Early May of senior year is when a response is needed to colleges on whether the student has accepted or rejected the offer to attend.

June of senior year is when the high school needs to send the final transcript to the college you will be attending.
If you miss the entire process, and in the fall need to register for classes, there are alternatives to waiting for a whole year. It might be possible to attend the college as a non-matriculated student. In these cases, work with an admissions counselor at the college to understand the options.


Where Can You
Save Some CA$H?

Another major source of confusion for college is how to pay for it. Here are a few points to remember:

Make sure to talk to the admissions counselor on where to get all the relevant information on financial aid and scholarships.

Not all colleges are equal. There are private schools, which tend to more expensive, and then there are state schools, which are cheaper. State schools are especially cheaper if you are a resident of the state, which in most cases means you need to be living in the state for some time, like a year, etc.

A college has its own strengths and weaknesses in their various academic programs. For example, a particular college may rank very high in their sciences, but not for their business departments. Likewise, some colleges have a strong emphasis on research, while others do not. Some colleges offer a class schedule that has a strong emphasis on evening classes for students who are working full-time already. It’s very helpful to evaluate a college against these criteria to understand what a great fit is for you.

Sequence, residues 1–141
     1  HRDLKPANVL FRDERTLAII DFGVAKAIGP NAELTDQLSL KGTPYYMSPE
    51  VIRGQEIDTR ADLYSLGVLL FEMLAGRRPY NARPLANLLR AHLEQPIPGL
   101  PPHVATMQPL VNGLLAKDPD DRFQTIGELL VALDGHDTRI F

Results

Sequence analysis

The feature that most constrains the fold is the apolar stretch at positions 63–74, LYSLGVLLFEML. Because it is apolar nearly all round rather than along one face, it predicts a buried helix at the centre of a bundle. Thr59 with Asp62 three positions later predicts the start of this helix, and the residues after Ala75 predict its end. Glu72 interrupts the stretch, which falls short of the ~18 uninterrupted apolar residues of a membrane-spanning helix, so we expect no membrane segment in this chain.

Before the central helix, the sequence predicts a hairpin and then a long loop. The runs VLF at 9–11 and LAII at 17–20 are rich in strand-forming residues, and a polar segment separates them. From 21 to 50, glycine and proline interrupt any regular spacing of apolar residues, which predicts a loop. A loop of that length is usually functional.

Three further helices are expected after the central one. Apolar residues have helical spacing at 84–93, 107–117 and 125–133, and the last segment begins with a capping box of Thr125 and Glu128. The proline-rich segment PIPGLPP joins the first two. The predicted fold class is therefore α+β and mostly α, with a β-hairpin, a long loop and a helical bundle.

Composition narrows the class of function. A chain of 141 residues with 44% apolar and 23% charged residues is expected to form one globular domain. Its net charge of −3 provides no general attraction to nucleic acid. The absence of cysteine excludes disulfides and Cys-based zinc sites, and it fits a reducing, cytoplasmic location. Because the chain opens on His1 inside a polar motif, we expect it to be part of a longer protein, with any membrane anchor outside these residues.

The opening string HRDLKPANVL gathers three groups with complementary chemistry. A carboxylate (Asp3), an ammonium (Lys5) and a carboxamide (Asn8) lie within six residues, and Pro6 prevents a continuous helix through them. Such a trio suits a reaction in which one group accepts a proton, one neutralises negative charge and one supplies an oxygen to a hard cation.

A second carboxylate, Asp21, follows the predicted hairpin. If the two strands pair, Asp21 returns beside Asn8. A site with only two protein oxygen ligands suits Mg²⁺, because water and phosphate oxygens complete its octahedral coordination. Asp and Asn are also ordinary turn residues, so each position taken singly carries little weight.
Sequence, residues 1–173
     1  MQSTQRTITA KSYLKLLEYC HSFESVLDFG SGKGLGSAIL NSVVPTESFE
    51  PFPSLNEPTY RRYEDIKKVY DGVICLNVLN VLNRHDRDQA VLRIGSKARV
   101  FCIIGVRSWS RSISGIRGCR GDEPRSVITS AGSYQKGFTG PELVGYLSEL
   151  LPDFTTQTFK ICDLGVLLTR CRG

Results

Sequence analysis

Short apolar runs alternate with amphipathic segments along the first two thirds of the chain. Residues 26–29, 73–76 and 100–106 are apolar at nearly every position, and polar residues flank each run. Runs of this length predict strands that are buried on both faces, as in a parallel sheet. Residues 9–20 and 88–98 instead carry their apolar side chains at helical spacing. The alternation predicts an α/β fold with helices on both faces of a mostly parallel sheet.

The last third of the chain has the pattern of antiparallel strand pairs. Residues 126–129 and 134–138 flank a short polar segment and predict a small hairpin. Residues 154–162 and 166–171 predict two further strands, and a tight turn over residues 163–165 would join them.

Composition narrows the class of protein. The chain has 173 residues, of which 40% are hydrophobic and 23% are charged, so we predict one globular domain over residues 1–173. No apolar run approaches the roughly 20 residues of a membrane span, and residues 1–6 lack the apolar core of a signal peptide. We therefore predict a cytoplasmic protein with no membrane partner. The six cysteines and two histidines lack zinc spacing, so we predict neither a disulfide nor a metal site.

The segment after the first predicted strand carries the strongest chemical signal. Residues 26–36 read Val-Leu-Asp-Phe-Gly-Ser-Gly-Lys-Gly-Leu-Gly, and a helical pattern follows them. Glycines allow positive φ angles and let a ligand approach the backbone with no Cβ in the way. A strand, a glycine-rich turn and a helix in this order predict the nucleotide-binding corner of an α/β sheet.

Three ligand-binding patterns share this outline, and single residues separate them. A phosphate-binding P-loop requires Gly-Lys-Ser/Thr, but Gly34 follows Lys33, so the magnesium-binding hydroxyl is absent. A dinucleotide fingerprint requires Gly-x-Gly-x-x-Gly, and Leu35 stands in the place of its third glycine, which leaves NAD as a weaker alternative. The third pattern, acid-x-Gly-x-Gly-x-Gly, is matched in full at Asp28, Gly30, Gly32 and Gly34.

A great way to save money is to know where to buy things. For example, there are several resources to buy used textbooks, which will save you significant money over buying new books for each class. Bulletin boards on campus or even websites like Amazon (www.amazon.com) and Campusbooks (www.campusbooks.com ) are great ways to find cheaper books than the college bookstore.
Sites like Craigslist (www.craigslist.com ) and Freecycle (www.freecycle.org ) offer tons of opportunities to get things needed for a college dorm room for cheap or even free.